Before we move into Valentine’s Day poems, one final post on the dead poets of 2021. Robert Bly, perhaps the most famous of the seven poets featured in this series, died this past November.
He Wanted to Live His Life Over
by Robert Bly
What? You want to live your life over again?
“Well, I suppose, yes . . . that time in Grand Rapids. . .
My life—as I lived it—was a series of shynesses.”
Being bolder? What would that do?
I’d open my door again. I’ve felt abashed,
You see. Now I’d go out and say, ‘All right
I’ll go with you to Alaska.’ Just opening the door
From inside would have altered me—a little
I’m too shy . . . “ And so a bolder life,
Is that what you want? “We could begin now,
Just walk with me—down to the river.
I’ll pretend this boat is my life . . . I’ll climb in.”
If there were an Ancestry.com for poems, tracing poetic themes as if they were genes, Robert Bly’s “He Wanted to Live His Life Over” would find relatives the world over, centuries and centuries back. Regret for a life unlived is part and parcel of the human experience, and so for art as well. But when I read this poem, two others came to mind so quickly that they might as well be extended family: T.S. Eliot’s “Love Song of J. Alfred Prufrock,” the embittered grandpa; and Ray Carver’s “Late Fragment,” the fortunate nephew.
Like the man answering the questions in Bly’s poem, Prufrock has big regrets for living timidly. A man who wonders if he dares eat a peach is not one to haul off to Alaska. But Bly’s man, perhaps delusionally, holds out hope for change in a way Eliot’s does not.
Carver’s “Late Fragment” shares the question-and-answer format of Bly’s. In both poems people at the end of life are asked if they lived the life they wanted. The nameless speaker in “Late Fragment” answers yes, he has. But he wanted something very different than Bly’s speaker, and perhaps that’s why he’s so zen:
And what did you want?
To call myself beloved, to feel myself
beloved on the earth.
The man in “He Wanted to Live His Life Over” is not so fortunate, as the title indicates. He wanted a bigger life, but there was no seizing of the day, no going boldly where no man has gone before, no following of dreams. He had a chance to go to Alaska; he chose to stay in Grand Rapids. The place names are well-chosen. Alaska calls up visions of wilderness and he-men; Grand Rapids of a pleasant midwestern town with an ironic name insofar as this poem, with a river trip at the center, is concerned.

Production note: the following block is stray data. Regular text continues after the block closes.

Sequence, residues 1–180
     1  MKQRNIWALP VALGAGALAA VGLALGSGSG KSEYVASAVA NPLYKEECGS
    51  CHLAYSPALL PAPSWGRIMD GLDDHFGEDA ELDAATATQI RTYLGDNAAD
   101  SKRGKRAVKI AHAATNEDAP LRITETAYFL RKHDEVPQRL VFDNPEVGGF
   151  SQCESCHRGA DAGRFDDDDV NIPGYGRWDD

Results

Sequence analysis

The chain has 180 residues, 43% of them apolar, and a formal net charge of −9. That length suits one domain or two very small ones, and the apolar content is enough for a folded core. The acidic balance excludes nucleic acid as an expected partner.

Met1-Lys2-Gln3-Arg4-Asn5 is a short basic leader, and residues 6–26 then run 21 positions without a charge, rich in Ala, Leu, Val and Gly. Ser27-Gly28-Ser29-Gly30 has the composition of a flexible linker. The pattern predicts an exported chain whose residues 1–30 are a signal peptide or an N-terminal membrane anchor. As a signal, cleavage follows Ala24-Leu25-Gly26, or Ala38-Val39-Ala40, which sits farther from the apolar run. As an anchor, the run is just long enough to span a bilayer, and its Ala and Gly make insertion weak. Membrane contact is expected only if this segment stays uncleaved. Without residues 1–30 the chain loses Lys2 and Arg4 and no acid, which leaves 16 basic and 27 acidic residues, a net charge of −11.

It’s such an evocative poem. Who is the questioner? A therapist? A voice in the speaker’s head at the end of life? Or Charon, the Greek figure who ferries the dead across the river Styx?
Either way, it’s too late. No one gets to live their life over again. The past tense of the title is a warning for all the Prufrocks afraid to disturb the universe.
Robert Bly was born in 1926 in Minnesota. After high school he served two years in the Navy, then went to college for one year at St. Olaf’s College before transferring to Harvard. There his classmates formed an all-star list of poets and writers: Frank O’Hara, Adrienne Rich, Kenneth Koch, and George Plimpton among them. Bly got his masters from Iowa Writers Workshop. He founded a poetry magazine The Fifties that continued for decades until its final iteration as The Eighties.
He went to Norway on a Fulbright scholarship where he was introduced translated Norwegian poets. He went on to translate many international poets, including Pablo Neruda, Lorca, and Vallejo.
He was an activist against the Vietnam War. When he won the National Book Award in 1968 he gave his prize money to draft resistance groups. He also co-founded Writers Against the Vietnam War.
He is known as the founder of the “expressive men’s movement.” He conducted weekend retreats for men to rediscover their masculinity, where men beat drums in the woods and danced around campfires. Most famously he wrote the international bestseller Iron John: A Book About Men.
Bly had four children with his first wife. They lived on a farm in Minnesota. After they divorced he married his second wife Ruth.
He had a big, important life and I’m doing a lousy job on his bio because I’m trying to whip this out before the Super Bowl and Valentine’s Day. For a better look at his legacy, link here.
He was 94 when he died. He had suffered from Alzheimers for year.